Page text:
Tovin Lapan
Tovin Lapan

As the rest of the country returns from summer vacations and outdoor activities start to dwindle on the mainland, Hawaii is just gearing up for its most active seasons.

The Aloha State's tropical location means some of its biggest sporting events, from championship canoe races to the Ironman World Championship and PGA golf tournaments, occur in the fall and winter. Hawaii plays host to several tournaments and major events in the coming months that draw spectators eager to see budding stars from the college ranks, athletes at the top of their sport and some events unique to the Islands. In the last three years the Hawaii Tourism Authority has also launched partnerships with the NBA's Los Angeles Clippers and NFL's L.A. Rams to hold preseason games in the state and promote the Islands.

Here are some of the most exciting spectator sports coming to Hawaii in the coming months.

The Ironman World Championship: The first Ironman triathlon was run on Oahu in 1978, and the event moved over to Hawaii Island in 1981. More than 2,000 competitors will hit the Kailua-Kona area on Oct. 12 to test their limits in the grueling, 140.6-mile journey. Qualifiers start with a 2.4-mile swim, then mount their bicycles for a 112-mile ride, before topping it all off with a marathon.

Molokai Hoe: First run in 1952, this 41-mile outrigger canoe race from Molokai to Oahu across the Kaiwi Channel is considered the world championship of men's long-distance outrigger canoe racing and attracts more than 1,000 paddlers from around the world each year. This year the race begins at 8 a.m. on Oct. 13 at Hale O Lono Harbor on Molokai and finishes at Duke Kahanamoku Beach in Waikiki. The first canoes typically arrive around 12:30 p.m. to cheering crowds.

Vans Triple Crown: Winter, when big swells hit Oahu's north shore, is peak surf season in Hawaii, and these three events spread through the final two months of the year draw professionals vying for surfing's top prizes and plenty of spectators. The Triple Crown started as a grassroots local competition run by local Hawaiian surfers, and the first official three-event series was held in 1983. The Hawaiian Pro at Haleiwa kicks things off on Nov. 12, followed by the World Cup of Surfing at Pupukea on Nov. 25 and capped by the Pipe Masters, featuring 60 of the best surfers in the world competing for more than $500,000 in prize money, at the famed Banzai Pipeline break on Dec. 8.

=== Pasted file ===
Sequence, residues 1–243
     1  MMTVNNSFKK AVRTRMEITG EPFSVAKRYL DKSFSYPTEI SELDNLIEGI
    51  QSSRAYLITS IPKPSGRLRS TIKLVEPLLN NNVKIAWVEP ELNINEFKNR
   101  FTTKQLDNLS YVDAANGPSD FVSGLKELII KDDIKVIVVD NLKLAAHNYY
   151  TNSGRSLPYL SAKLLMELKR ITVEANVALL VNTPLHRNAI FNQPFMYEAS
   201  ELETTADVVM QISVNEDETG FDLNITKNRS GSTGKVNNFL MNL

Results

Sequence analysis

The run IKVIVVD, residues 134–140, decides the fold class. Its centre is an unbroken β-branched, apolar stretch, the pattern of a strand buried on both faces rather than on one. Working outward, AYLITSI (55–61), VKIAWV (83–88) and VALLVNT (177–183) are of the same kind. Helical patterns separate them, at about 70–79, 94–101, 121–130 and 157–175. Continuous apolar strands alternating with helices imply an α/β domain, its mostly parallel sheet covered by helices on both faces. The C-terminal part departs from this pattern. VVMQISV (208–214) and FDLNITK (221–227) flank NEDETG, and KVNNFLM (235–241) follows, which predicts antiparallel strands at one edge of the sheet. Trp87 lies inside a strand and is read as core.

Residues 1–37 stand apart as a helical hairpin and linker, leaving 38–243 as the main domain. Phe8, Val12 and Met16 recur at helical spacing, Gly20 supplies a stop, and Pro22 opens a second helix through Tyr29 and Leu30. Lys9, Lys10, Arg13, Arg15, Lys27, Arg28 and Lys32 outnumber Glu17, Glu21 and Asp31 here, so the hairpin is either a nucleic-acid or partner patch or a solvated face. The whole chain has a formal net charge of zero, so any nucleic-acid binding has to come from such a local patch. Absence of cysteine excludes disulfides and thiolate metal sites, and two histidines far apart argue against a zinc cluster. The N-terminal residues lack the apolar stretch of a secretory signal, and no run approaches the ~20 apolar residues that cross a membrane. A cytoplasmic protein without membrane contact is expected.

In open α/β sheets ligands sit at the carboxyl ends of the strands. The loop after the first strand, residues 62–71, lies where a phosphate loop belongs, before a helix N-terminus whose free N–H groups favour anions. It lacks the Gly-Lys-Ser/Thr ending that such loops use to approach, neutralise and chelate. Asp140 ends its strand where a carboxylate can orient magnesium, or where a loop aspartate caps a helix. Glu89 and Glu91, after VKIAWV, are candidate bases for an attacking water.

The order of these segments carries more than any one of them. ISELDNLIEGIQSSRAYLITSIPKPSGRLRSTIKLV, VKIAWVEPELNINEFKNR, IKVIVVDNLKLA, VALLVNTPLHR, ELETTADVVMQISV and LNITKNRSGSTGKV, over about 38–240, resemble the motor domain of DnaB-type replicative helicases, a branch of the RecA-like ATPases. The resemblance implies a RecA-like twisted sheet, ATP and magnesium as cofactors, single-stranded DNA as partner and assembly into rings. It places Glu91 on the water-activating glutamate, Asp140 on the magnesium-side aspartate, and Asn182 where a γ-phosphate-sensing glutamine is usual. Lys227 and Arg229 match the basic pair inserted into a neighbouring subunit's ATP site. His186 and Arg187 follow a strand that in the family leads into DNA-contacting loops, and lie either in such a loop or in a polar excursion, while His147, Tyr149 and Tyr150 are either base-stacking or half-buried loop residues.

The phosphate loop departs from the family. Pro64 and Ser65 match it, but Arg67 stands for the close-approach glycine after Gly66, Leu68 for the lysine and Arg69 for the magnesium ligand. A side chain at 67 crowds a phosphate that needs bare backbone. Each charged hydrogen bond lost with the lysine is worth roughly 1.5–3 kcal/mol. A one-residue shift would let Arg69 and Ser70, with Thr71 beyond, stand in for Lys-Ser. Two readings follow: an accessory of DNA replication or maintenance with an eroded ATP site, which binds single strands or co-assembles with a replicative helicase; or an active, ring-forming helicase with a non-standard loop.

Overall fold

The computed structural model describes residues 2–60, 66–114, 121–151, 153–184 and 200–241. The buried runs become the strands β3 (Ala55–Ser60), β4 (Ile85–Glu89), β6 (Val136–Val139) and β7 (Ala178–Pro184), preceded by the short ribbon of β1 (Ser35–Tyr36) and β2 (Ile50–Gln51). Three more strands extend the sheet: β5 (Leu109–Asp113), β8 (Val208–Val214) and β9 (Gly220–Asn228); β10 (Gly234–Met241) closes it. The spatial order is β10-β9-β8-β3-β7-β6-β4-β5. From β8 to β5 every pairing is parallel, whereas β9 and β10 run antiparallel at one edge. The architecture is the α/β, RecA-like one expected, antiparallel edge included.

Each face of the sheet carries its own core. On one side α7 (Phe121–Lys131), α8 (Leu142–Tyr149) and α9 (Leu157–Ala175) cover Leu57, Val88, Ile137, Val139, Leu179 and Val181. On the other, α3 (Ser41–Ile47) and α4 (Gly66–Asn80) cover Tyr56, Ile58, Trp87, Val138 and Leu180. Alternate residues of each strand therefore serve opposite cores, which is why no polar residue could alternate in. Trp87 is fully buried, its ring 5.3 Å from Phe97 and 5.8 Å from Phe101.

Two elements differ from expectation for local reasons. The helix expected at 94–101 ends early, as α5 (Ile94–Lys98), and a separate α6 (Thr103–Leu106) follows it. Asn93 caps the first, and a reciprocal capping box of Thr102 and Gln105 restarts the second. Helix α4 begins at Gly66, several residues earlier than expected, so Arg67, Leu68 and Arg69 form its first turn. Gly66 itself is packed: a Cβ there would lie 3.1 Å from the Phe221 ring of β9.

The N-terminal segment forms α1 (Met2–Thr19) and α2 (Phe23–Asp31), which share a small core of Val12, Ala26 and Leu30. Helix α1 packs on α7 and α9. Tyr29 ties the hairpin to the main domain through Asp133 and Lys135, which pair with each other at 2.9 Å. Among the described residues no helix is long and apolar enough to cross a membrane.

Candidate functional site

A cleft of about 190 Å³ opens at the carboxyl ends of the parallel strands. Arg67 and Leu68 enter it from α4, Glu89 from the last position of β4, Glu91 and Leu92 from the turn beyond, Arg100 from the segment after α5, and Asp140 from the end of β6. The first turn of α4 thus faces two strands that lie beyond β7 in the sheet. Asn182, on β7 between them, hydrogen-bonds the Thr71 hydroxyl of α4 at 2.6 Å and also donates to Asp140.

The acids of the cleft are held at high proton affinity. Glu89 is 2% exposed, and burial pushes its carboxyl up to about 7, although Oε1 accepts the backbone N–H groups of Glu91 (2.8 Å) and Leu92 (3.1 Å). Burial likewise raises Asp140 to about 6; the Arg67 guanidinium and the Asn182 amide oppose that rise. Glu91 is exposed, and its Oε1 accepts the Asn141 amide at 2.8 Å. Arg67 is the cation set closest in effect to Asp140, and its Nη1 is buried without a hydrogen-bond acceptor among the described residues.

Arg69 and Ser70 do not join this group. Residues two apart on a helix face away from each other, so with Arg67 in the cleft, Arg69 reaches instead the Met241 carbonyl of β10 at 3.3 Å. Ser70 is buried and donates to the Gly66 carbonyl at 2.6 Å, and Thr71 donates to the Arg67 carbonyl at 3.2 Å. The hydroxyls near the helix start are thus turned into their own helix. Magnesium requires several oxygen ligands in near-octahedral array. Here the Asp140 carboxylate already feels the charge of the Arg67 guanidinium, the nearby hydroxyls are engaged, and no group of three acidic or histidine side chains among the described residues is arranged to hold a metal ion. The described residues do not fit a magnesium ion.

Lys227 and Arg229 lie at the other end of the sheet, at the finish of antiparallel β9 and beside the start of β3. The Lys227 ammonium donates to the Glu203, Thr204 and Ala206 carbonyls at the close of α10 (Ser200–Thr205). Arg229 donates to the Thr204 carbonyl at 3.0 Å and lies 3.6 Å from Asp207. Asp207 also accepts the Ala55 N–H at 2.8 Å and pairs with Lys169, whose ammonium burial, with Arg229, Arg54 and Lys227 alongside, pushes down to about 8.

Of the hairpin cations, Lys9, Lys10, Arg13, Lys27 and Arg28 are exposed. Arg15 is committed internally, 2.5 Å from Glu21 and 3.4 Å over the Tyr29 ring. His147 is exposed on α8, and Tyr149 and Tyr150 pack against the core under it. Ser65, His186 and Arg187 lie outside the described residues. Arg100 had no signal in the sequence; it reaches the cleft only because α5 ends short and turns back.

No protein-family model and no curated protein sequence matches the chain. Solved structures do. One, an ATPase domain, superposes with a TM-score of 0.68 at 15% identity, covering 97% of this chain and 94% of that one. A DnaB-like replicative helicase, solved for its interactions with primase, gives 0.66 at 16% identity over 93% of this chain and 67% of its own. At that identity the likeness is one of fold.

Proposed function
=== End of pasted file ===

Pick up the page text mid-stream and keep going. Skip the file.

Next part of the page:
Maui Invitational: This popular NCAA preseason tournament has called the Valley Isle home for more than three decades. Held at Lahaina Civic Center from Nov. 25 to 27, the event features programs with championship aspirations, including Michigan State and Kansas, who are joined by other top programs such as UCLA and Virginia Tech.

Hawaii Open: Started as a Women's Tennis Association event in 2016, the Hawaii Open expanded in 2018 to include a men's bracket as well. The combined event will be held Dec. 26 to 28 at Honolulu's Neil S. Blaisdell Arena and features top players Sam Querrey, returning champ Kei Nishikori, Angelique Kerber, Danielle Collins and Misaki Doi.

Hawaii Bowl: Bowl games are as much about the destination as they are the competition, an excuse for college football fans to seek out sunny locales in the doldrums of winter. Even if your team takes a loss in the game, Oahu's beaches, hikes and destination dining options will make the defeat easy to stomach. The bowl, held at Aloha Stadium on Christmas Eve, pits one team from the Mountain West Conference against a team from the American Athletic Conference.

PGA Tournaments: Golfers set their sights on the Islands in the winter, with three pro tournaments held within the first three weeks of the year. It kicks off with the Sentry Tournament of Champions (Jan. 1 to 5). The event invites only winners of tournaments from the previous season, and is played at Maui's Kapalua course, which is undergoing a major renovation in 2019 to be unveiled in time for the 2020 tournament. The Sony Open follows Jan. 9 to 12 at Oahu's Waialae Country Club, and the Mitsubishi Electric Championship (Jan. 16 to 18) closes out the trio of January golf contests at Hualalai Golf Course on Hawaii Island. 

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